Review by anonymousJune 20, 2016
What I liked
What I didn't like
My overall impression
The classic hand-puppet show “Punch and Judy” gets the live action treatment in this excellently realized production. We may be most familiar with the British sea-side version of the story, but its roots go much deeper than that.
Using a cast of six (plus Foley artist Ryan Beveridge), the story is played out in Italian half-masks, using commedia del arte techniques with contemporary trappings and fight choreography. A 3 ft ground-row runs along the front of the stage, keeping the puppet-show feel, and allowing for some nice low-tech special effects.
Jimmy Slonina, a veteran of Las Vegas Cirque du Soleil shows, is note-perfect as Punch, the lovable ne’er-do-well who tries to murder his way out of trouble but just keeps running into more. Slonina leads from the front, barely off-stage and maintaining a rapport with the audience as he is reluctantly obligated to pile up the corpses.
Judy (Sondra Mayer), although sharing billing, is dispatched pretty early in the story (to return as an impressive ghost later on) but the scene-setting bickering and squaring off against each other is exactly what we want a live-action puppet-show to look like.
As the piece progresses, it starts feeling more and more contemporary, and truly satirical, we are made to feel uncomfortable about rape, cops killing unarmed black men, and even Orlando as this grotesque mirror is held to our faces.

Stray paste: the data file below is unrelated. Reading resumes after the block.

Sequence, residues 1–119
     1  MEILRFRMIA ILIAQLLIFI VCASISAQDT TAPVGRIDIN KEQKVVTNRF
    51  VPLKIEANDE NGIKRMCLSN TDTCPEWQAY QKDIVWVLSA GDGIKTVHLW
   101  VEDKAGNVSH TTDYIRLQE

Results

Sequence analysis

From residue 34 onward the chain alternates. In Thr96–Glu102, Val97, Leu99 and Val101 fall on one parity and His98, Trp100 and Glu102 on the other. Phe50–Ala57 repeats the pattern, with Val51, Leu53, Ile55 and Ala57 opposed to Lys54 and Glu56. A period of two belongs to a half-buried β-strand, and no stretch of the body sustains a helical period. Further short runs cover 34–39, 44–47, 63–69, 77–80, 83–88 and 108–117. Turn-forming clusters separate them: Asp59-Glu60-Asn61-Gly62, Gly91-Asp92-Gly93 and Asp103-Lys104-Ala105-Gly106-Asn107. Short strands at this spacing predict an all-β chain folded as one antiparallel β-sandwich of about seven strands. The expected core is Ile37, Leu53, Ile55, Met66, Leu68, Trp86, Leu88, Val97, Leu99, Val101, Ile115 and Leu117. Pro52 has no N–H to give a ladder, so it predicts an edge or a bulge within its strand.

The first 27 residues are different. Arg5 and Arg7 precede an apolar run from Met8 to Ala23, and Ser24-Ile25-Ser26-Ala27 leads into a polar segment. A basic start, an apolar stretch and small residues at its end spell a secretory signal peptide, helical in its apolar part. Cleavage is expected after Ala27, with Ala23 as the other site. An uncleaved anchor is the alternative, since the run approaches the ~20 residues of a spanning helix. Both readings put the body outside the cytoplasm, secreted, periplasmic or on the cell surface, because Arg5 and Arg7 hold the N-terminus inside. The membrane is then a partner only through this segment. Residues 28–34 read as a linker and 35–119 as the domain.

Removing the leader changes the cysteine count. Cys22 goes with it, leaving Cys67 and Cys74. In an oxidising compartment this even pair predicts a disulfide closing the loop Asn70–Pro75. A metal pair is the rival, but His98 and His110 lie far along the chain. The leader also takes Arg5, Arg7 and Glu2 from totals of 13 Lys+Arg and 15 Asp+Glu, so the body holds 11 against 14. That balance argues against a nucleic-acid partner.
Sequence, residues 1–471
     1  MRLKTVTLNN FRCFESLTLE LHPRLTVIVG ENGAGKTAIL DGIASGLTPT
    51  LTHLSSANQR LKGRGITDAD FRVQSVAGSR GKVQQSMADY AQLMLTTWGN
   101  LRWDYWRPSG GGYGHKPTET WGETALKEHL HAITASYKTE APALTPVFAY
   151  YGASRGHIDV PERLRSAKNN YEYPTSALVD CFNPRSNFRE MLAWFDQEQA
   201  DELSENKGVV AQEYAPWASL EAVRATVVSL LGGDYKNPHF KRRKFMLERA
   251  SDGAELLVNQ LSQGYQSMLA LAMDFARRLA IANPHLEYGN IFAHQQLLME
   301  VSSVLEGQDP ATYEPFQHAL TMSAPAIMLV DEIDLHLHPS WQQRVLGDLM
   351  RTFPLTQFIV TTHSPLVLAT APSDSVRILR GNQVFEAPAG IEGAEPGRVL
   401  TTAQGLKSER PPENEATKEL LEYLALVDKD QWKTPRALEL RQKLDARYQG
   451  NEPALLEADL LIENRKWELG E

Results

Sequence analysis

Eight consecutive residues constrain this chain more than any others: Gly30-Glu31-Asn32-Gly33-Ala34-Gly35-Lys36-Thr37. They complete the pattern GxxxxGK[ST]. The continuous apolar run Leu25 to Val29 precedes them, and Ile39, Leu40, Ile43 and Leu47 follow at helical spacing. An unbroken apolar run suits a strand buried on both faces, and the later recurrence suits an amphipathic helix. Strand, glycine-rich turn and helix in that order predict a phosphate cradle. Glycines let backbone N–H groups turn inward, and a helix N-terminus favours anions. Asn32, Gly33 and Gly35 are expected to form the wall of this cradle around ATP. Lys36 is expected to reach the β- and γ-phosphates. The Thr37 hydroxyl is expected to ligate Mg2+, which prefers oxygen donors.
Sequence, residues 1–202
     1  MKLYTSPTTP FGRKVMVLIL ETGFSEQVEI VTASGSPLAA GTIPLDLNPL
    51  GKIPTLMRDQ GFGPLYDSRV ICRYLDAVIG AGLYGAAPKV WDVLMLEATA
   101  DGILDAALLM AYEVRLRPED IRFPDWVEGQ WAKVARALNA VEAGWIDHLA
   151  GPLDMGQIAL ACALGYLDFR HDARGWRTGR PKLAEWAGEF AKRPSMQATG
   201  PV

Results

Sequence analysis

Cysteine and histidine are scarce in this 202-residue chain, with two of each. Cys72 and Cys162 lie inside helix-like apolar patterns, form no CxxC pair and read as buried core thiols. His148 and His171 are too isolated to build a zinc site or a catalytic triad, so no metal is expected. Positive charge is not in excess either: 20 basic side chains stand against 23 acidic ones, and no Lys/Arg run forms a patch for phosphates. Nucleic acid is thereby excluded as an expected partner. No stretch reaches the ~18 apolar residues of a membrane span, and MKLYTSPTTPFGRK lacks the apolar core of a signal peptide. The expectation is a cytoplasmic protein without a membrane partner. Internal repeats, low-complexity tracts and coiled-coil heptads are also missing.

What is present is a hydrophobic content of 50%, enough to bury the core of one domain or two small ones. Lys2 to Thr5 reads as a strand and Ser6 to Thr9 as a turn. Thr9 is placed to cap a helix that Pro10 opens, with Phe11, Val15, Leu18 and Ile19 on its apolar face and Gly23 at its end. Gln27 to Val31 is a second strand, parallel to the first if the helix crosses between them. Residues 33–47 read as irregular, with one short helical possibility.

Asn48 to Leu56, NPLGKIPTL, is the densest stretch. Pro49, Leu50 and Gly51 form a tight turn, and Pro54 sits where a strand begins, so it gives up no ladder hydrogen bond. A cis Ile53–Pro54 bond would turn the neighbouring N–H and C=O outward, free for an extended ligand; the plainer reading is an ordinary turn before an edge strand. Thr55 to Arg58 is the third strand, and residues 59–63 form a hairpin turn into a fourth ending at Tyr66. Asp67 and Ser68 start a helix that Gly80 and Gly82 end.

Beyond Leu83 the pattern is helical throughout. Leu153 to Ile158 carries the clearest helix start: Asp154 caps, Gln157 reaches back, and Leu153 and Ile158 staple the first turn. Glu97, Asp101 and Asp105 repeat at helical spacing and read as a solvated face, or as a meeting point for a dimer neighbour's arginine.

Everybody except Slonina in the highly-skilled cast plays multiple roles and gets killed at least twice, the crisp stylization of the commedia form and the half-masks allowing for no possibility of confusion. Eric Rollins was particularly strong as Jim Crow and The Devil, but fine work is done by everyone.
Production values are uniformly top-notch, this show would look good on any stage. The fight choreography (Jen Albert) is exciting and witty, the lighting serves the piece perfectly and Ryan Beveridge (Foley) must run a close second to Slonina as Most Valuable Player, every gesture or assault is supported and strengthened by an appropriate home-spun sound. Costume design (Linda Muggeridge) manages to be simultaneously classic and contemporary.
Director Christopher Johnson uses his own adaptation and the content and form serve each other seamlessly.
Punch and Judy is that very rare thing, a truly classy fringe show, with no caveats or reservations. A great cast cast is led by someone who is genuinely world-class.
Hollywood Fringe is lucky to have this show. I recommend it highly.